What you need to know
- The revamped Google Camera app will make it easier to switch between photo and video mode with a dedicated toggle switch under the mode selection bar.
- A number of shooting styles such as “Long Exposure” and “Action Pan” have been given their own tab for direct access.
- Google will supposedly launch this UI overhaul first on the upcoming Pixel 8 series before rolling it out to older models.
The Google Camera app is a big reason why Pixel phones take such great photos, but it’s been a while since the app got a facelift. Google might finally give the app a much-needed UI makeover when the Pixel 8 series comes out.
Android Authority claims to have gained access to a host of images from a source inside Google, showing off the upcoming interface update for Google Camera. The leaked images suggest that the app will have a dedicated switch for switching between photo and video modes, so you don’t have to scroll through the mode selection bar anymore.
The dedicated toggle switch will reside right below the mode selection bar for quick and easy access. The old way of doing things was to scroll through the mode selection bar, which was a bit slow and inefficient.
Google is also shuffling the locations of some shooting styles, presumably to make them more visible to users. For example, the “Long Exposure” and “Action Pan” modes are now located in their respective tabs. Previously, these modes were found under the “Motion” tab.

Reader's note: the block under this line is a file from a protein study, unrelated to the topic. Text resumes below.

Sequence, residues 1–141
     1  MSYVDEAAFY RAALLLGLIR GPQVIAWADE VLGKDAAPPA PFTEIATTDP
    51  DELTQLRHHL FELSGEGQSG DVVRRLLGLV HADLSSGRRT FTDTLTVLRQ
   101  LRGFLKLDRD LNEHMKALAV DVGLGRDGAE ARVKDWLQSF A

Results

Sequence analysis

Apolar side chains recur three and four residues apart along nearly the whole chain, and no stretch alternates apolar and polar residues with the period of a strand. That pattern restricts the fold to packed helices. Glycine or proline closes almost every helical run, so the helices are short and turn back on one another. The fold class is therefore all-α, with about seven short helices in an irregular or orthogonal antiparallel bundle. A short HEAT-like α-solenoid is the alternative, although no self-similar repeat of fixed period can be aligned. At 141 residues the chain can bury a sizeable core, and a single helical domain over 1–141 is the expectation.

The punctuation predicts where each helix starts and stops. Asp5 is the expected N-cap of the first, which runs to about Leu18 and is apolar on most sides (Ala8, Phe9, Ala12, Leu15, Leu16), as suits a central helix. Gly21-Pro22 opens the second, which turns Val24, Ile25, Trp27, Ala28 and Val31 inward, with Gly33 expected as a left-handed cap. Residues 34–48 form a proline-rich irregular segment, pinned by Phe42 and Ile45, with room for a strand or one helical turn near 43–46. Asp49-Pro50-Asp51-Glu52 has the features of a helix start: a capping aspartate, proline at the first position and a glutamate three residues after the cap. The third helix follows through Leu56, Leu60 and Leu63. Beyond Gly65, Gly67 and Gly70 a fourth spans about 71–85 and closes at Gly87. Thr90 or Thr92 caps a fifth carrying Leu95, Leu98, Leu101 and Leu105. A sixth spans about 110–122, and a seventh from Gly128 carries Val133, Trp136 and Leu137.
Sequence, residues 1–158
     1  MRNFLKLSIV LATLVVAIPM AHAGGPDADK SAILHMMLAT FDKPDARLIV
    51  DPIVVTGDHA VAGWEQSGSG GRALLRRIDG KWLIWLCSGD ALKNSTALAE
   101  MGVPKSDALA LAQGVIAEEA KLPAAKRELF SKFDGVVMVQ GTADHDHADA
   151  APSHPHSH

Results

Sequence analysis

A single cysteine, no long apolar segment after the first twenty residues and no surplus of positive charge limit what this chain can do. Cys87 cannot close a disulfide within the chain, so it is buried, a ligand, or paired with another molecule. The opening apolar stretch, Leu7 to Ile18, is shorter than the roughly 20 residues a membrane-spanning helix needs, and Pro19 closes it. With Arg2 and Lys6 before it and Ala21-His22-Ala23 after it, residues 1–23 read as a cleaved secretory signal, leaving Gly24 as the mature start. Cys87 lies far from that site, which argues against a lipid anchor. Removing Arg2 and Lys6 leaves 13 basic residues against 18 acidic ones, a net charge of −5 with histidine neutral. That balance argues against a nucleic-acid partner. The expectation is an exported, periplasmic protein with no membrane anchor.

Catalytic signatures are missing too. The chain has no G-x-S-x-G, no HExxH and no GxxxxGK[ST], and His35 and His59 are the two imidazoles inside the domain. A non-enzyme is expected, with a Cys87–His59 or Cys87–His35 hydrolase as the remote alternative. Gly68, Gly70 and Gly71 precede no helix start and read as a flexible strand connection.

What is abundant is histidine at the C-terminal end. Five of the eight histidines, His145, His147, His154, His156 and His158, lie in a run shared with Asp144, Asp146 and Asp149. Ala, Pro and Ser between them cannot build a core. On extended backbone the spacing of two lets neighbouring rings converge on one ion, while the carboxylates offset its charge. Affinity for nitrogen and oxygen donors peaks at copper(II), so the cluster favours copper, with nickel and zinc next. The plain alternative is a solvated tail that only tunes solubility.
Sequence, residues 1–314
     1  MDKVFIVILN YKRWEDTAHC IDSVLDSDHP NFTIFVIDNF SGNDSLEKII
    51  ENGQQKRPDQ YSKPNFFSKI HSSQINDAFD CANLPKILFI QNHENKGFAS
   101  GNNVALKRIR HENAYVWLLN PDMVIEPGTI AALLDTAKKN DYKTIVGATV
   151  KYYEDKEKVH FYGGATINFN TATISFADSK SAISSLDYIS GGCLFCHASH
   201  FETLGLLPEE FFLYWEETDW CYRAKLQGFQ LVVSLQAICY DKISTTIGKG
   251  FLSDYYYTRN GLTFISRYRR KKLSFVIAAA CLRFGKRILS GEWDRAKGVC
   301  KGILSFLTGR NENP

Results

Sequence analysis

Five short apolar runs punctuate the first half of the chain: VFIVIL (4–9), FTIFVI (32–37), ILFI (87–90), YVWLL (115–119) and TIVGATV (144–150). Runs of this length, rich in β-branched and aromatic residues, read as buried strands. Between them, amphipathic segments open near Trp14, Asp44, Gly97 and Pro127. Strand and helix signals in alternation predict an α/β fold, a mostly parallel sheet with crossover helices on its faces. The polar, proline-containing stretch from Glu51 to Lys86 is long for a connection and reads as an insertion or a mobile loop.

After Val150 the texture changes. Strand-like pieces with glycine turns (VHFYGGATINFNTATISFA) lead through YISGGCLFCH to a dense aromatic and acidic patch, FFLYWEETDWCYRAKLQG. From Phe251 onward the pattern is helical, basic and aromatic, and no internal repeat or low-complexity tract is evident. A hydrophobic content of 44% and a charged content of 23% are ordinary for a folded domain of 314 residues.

In addition, Google is making it easier to change the video stabilization settings. The old menu has been replaced with a dedicated pop-up menu, so you can quickly and easily choose between the three stabilization options: Standard, Locked, and Active.
Longtime Pixel users might have to unlearn their muscle memory when it comes to the camera switch button and the gallery preview button. Google has swapped the location of these buttons, so you’ll have to get used to tapping either button on the opposite side of the viewfinder in the future.
Additionally, you will be able to open the settings pop-up by swiping up on the screen or by tapping the settings icon in the bottom left corner. There is no need to reach all the way to the bottom of the screen anymore.
The Camera app has been looking the same since the Pixel 4 arrived in 2019. It’s about time for a UI upgrade, so it can finally look as good as it takes photos. Coupled with a few camera upgrades for the Pixel 8 series, Google’s next flagship series may easily retain its spot on our list of top Android camera phones.
We don’t know yet when and if the new UI will come to older Pixel phones, but we should find out more in a few months. Google usually releases new phones in the fall, so it’s likely that the Pixel 8 series will come out in October.
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